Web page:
In Summary
  • When a politician claims to have gathered one million people at Uhuru park, what he/she is saying is that one out of every three Nairobians showed up.
  • The average human being occupies a space measuring about 0.5m by 0.25m while standing up. This works out to 0.125 square metres per person.

Can one million people be accommodated in Uhuru Park?

This question always comes up whenever there is a major political event at this venue. The first time it came up was soon after the inauguration of former President Mwai Kibaki in December 2002.

The question came back again in the run-up to the 2007 General Election when the Orange Democratic Movement party held a campaign rally there. At that time, I did an estimate of the capacity of the main Uhuru Park arena and it turned out that the largest number of people that can occupy the park is about 60,000. My calculations were based on the crowd that had gathered for Kibaki’s 2002 inauguration – I had attended the ceremony.

For that reason, I will not repeat the calculation; anyone interested can fish it out from any public library. The article appeared on October 28, 2007. Today, I want to tackle the question from a different angle: how large is a crowd of one million people?

First let’s put that number into perspective: according to the 2009 census, the populations of Nairobi is about 3.1 million. This number includes everyone, from the youngest toddler to the oldest mzee!

So when a politician claims to have gathered one million people at Uhuru park, what he/she is saying is that one out of every three Nairobians showed up. Is that possible?

Granted, there are those who travel from other regions of the country to attend these rallies but the majority are from around Nairobi. The next question is, if one million people did show up, how much space would the crowd occupy?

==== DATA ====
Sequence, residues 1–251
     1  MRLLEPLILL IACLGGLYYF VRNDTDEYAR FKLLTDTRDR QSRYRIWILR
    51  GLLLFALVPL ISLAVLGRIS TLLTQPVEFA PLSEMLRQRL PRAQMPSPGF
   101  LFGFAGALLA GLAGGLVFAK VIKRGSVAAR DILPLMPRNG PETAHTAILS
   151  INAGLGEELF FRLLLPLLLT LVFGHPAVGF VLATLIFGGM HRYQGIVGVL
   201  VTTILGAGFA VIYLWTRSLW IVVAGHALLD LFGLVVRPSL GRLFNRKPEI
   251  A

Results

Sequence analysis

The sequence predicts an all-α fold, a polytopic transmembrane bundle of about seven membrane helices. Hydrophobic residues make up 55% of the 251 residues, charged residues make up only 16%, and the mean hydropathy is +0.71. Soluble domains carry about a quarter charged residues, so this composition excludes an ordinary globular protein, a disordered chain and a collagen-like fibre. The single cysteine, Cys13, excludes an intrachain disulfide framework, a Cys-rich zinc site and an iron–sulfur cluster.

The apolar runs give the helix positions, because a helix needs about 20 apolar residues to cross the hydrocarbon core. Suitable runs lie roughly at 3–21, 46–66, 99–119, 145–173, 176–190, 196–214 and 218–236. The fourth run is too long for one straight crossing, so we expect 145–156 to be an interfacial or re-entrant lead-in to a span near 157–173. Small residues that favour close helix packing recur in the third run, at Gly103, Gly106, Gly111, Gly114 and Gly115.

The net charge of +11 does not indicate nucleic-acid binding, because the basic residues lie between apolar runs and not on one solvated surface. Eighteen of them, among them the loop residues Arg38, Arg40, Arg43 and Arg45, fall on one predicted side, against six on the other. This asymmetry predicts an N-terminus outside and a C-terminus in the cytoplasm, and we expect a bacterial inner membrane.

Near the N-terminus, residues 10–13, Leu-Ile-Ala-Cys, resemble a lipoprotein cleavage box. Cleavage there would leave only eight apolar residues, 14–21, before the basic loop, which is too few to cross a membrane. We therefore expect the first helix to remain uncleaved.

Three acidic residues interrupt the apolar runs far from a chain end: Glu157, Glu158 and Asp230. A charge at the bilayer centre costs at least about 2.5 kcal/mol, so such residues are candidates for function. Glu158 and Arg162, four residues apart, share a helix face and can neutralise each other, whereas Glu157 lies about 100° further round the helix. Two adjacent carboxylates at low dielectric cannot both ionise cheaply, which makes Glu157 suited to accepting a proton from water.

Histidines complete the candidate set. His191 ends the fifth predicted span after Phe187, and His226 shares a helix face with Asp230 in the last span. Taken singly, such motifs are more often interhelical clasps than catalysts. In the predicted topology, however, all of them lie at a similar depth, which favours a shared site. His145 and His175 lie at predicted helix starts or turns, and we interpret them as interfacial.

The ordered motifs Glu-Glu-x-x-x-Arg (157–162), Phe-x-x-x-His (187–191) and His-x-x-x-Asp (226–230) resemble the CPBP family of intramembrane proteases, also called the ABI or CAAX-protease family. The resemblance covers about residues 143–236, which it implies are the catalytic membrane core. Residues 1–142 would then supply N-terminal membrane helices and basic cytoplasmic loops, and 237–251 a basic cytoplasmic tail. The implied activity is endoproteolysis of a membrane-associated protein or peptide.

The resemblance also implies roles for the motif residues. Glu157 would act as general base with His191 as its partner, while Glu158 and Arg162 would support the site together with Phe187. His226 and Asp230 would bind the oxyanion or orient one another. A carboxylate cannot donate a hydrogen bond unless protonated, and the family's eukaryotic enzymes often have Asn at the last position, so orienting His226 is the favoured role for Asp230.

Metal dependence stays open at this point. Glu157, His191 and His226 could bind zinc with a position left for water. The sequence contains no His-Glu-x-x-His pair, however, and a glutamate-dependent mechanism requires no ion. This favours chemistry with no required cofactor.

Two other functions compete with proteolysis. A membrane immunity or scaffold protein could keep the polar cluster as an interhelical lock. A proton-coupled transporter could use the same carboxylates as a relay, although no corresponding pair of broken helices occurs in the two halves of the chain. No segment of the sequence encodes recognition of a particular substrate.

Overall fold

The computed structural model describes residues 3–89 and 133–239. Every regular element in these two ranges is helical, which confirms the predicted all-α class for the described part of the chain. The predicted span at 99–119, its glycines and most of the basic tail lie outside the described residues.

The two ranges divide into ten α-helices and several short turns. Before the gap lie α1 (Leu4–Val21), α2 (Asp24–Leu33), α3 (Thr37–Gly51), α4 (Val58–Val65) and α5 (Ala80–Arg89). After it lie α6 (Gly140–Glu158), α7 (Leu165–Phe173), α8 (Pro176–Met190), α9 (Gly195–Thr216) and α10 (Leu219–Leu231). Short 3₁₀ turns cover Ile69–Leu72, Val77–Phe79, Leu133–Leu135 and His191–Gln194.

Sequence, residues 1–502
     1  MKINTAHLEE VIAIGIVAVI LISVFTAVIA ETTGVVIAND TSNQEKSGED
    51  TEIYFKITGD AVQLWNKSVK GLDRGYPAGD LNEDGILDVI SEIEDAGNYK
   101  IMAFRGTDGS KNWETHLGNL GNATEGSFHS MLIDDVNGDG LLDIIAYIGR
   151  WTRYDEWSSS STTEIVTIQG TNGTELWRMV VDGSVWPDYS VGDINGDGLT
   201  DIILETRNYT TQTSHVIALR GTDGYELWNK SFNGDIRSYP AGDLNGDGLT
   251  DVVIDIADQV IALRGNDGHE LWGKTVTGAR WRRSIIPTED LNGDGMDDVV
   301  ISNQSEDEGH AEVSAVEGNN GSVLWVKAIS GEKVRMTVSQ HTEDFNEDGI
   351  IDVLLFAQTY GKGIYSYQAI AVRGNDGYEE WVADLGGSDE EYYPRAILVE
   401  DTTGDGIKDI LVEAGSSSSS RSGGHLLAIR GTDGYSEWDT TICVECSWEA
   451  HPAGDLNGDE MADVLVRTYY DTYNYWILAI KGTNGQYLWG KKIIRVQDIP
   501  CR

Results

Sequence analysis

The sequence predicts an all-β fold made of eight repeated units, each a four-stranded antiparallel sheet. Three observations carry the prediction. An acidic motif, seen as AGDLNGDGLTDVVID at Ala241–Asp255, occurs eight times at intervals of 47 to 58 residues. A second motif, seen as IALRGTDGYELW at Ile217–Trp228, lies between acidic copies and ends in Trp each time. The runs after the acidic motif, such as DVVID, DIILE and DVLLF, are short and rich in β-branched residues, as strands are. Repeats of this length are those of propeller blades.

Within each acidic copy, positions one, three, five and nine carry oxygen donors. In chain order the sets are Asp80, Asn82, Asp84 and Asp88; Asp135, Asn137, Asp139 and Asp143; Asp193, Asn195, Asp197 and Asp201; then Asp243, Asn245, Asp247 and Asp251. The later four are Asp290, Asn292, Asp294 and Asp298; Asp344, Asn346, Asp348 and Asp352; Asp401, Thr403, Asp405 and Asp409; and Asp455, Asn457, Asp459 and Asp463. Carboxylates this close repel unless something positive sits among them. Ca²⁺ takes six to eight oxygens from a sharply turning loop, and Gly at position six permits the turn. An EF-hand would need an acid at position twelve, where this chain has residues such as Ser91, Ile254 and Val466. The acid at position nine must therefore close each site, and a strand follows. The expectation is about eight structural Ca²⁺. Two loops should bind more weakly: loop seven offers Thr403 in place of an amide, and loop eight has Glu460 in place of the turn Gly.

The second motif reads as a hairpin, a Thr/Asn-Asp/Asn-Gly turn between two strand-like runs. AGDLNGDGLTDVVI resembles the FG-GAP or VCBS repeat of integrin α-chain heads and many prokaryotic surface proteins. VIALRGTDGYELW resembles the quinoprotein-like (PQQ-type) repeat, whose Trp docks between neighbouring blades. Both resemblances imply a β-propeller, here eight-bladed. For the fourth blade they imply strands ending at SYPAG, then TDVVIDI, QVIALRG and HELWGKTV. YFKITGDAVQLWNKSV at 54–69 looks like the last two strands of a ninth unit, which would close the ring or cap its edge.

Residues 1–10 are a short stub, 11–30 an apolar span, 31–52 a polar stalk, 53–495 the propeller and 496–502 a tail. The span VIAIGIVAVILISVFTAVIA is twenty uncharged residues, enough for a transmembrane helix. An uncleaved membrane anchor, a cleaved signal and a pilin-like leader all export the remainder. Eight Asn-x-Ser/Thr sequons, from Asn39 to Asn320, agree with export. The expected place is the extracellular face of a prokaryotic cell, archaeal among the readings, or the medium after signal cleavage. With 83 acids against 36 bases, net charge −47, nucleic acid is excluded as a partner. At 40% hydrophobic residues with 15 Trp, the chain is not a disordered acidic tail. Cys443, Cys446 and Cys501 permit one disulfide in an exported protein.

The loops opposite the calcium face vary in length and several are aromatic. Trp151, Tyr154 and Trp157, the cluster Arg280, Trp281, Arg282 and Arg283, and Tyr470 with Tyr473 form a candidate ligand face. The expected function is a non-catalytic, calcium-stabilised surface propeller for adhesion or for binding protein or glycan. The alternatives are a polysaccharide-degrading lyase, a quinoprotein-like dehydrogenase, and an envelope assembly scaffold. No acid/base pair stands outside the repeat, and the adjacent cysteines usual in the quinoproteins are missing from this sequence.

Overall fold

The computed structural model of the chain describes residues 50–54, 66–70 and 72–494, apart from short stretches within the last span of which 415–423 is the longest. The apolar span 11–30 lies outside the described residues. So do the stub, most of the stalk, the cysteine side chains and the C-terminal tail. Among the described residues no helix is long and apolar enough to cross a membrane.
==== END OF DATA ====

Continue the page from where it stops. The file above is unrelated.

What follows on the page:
The average human being occupies a space measuring about 0.5m by 0.25m while standing up. This works out to 0.125 square metres per person.

Therefore, one million people would take up 125,000sq-m; that is 12.5 hectares (do NOT confuse these with acres!). 12.5 hectares is about 31 acres.

Interestingly, this is almost equal to the total area of Uhuru Park – from Uhuru Highway to Afya House. Now imagine one mass of humanity crowding this space (including, inside the manmade dam!) shoulder-to-shoulder, back-to-stomach…

The queue

Another way of thinking about it is this: if these people were standing on the two carriageways of Uhuru highway, how long would the queue be?

Well, each lane of the highway is about 3.5m wide and there are eight lanes in total. That makes about 28m of tarmac.

Allowing 0.5m per person, we can fit 56 people across the highway (shoulder-to-shoulder). Thus we shall have about 18,000 rows of people.

Now each row needs 0.25m space to fit a person; therefore, the queue will be 4,500m or 4.5km long. That is longer than the entire Uhuru highway. The distance from the Museum Interchange to the Langat road roundabout is only 3km; so, one million people wouldn’t fit there!

Perhaps we should now ask how long it would take for such a crowd to walk to the venue. That is a story for another day.

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